$12 Million Multi-institutional SPORE Grant to Focus on Mutations in the NF1 Gene


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D. Wade Clapp, MD

A new, multi-institution research endeavor brings together scientists from nine leading institutions to find treatments for a group of rare cancers, all caused by a particular gene mutation.  

The researchers won a 5-year, $12 million grant through the National Cancer Institute’s (NCI) competitive NCI Specialized Programs of Research Excellence (SPORE) Initiative. The effort, which is led by the Indiana University (IU) School of Medicine and the University of California San Francisco (UCSF), is the first such project to take on a group of cancers linked to mutations in the NF1 gene. It will analyze cancer-promoting signaling pathways and cancer genetics to try to find new effective treatments and drug targets for cancers caused by the loss of NF1 function.

Neurofibromatosis, Ras

Rather than funding studies for one cancer type, the grant takes a new approach by targeting multiple cancers that develop because of NF1 mutations. The mutations cause a genetic disorder known as neurofibromatosis type 1, which frequently develops in children and young adults, and can cause tumors in the skin, nervous system, and blood. The disorder occurs in about 3,000–4,000 people per year worldwide, according to the National Institutes of Health’s Genetics Home Reference.

With the award, researchers will be testing treatments that are designed to block cancer-causing changes that occur because of NF1 mutations. Specifically, they will be testing drugs that block enzyme activities that occur because of abnormal activity of a gene called Ras, which is the most commonly mutated oncogene in human cancers. The NF1 gene normally codes for a protein that helps control Ras. Because NF1 is mutated in people with neurofibromatosis type 1, it leads to uncontrolled Ras activity. Ras, in turn, drives activation of a number of different kinases, which help drive tumor growth.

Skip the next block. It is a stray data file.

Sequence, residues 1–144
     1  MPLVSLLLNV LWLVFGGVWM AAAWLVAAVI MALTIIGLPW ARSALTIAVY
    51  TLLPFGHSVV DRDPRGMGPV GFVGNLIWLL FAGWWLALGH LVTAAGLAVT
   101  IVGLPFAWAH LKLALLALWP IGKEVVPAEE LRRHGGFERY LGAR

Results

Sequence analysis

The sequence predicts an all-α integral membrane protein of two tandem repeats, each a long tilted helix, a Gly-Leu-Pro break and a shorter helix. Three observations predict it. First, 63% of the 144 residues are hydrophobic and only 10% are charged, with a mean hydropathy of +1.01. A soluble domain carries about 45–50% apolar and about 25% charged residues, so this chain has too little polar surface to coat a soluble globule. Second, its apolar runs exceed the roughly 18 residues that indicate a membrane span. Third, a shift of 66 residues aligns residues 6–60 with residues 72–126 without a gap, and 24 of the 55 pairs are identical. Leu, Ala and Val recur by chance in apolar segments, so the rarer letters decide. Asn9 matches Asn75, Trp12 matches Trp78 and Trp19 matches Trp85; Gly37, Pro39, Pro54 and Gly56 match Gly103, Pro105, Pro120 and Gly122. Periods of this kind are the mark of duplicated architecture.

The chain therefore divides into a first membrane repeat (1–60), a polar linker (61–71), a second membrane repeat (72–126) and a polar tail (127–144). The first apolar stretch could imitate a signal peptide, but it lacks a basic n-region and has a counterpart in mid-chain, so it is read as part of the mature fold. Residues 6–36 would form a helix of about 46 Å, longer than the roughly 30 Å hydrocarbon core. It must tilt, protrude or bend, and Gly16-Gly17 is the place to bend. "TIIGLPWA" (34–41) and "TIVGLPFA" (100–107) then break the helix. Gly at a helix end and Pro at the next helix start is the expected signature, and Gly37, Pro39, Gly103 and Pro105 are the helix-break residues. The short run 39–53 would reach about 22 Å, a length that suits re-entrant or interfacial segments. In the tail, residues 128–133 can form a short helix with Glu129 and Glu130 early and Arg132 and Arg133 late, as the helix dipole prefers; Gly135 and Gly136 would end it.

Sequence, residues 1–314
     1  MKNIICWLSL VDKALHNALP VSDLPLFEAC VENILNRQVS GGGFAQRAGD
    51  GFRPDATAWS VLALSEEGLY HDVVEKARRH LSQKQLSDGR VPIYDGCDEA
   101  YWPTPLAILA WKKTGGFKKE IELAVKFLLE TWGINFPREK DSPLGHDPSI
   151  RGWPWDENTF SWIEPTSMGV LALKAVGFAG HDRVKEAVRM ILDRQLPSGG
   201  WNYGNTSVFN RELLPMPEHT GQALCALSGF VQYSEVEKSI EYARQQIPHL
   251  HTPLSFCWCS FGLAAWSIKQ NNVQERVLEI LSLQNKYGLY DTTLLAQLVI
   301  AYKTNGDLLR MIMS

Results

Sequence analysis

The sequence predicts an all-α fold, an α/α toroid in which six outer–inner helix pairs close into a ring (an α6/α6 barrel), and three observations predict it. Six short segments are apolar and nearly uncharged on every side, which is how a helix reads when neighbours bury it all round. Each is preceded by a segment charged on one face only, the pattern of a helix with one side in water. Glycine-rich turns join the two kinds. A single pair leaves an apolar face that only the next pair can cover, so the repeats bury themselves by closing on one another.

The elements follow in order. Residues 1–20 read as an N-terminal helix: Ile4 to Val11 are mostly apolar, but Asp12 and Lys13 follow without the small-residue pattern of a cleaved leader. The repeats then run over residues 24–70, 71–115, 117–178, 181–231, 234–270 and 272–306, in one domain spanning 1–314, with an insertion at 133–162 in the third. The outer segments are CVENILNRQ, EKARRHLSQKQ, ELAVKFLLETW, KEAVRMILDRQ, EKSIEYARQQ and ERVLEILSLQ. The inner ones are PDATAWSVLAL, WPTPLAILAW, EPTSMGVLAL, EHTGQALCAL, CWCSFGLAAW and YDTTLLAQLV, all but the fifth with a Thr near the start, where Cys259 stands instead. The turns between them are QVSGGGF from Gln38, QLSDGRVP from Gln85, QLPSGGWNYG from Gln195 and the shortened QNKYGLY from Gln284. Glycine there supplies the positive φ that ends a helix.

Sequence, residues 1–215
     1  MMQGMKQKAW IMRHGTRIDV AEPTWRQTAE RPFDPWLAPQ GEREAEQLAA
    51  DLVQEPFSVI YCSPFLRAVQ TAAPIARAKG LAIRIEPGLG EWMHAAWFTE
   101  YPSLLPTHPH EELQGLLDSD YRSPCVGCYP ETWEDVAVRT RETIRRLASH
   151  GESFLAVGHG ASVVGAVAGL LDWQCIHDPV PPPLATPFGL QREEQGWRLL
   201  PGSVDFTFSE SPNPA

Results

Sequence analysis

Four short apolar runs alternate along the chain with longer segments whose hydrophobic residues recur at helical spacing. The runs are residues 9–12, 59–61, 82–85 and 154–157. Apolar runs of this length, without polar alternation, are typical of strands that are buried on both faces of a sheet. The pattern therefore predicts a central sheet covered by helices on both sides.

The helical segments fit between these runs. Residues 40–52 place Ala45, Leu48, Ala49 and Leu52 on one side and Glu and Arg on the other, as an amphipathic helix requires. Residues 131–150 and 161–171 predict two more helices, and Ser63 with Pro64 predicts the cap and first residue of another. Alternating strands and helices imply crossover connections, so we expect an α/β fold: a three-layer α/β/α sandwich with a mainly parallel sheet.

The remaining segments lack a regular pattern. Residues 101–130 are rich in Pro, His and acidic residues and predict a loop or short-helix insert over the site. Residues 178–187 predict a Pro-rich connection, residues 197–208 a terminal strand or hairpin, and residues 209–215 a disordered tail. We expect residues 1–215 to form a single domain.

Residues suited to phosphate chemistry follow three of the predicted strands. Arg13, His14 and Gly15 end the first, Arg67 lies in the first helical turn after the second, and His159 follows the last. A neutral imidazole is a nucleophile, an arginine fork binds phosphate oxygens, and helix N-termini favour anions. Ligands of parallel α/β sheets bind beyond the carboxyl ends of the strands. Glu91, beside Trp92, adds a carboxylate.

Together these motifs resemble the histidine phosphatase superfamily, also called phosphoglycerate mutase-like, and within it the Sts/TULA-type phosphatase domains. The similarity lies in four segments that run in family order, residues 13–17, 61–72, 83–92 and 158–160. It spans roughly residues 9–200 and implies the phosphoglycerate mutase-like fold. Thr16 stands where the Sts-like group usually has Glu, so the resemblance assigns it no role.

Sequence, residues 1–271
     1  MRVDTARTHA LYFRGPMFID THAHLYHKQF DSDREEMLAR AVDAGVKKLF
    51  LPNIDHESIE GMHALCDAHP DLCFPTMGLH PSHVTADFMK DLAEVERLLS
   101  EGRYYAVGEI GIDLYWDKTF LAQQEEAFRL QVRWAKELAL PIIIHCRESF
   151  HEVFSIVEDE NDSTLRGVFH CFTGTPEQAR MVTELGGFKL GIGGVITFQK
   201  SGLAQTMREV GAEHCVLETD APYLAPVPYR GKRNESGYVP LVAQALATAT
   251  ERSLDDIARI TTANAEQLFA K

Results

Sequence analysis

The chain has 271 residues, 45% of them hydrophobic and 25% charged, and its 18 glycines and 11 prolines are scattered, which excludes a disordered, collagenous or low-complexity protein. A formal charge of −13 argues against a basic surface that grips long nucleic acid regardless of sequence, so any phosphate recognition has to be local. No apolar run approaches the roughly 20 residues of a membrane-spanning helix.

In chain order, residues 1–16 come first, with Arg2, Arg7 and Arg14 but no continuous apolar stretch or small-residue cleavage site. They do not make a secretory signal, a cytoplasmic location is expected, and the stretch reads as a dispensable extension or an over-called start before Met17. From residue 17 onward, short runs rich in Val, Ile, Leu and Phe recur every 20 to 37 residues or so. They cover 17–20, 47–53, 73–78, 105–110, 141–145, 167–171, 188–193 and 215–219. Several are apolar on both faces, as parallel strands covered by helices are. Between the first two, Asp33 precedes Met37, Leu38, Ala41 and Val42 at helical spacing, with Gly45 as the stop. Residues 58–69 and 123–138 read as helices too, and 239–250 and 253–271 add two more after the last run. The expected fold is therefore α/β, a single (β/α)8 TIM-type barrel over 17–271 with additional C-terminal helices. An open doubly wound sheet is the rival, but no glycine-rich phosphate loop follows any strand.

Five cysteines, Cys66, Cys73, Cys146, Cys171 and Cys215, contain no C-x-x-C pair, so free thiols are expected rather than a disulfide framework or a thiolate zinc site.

A technique to determine kinase activities in cells is hoped to help determine how patients respond to different drugs targeting the Ras pathway, as well as to find new clinical drug targets.

Multiple Sites

The trial requires collaboration across multiple institutions because of the rare nature of the disorder. The grant is led by investigators at the Indiana University School of Medicine and UCSF, along with researchers from Johns Hopkins University School of Medicine; the National Institutes of Health; University of Texas Southwestern; Memorial Sloan Kettering Cancer Center; The Children’s Hospital of Philadelphia; and City of Hope National Medical Center.  

“This award is the first Specialized Programs of Research Excellence grant to ever be focused on a series of cancers in a common biochemical pathway, and a SPORE grant focused on orphan diseases in children, adolescents, and young adults,” said D. Wade Clapp, MD, a principal investigator with the project and the Chairman of the Department of Pediatrics at the IU School of Medicine, as well as a member of the IU Melvin & Bren Simon Cancer Center and the Herman B. Wells Center for Pediatric Research. “This SPORE is by design multi-institutional, because of the rare nature of this disease.”  ■

 



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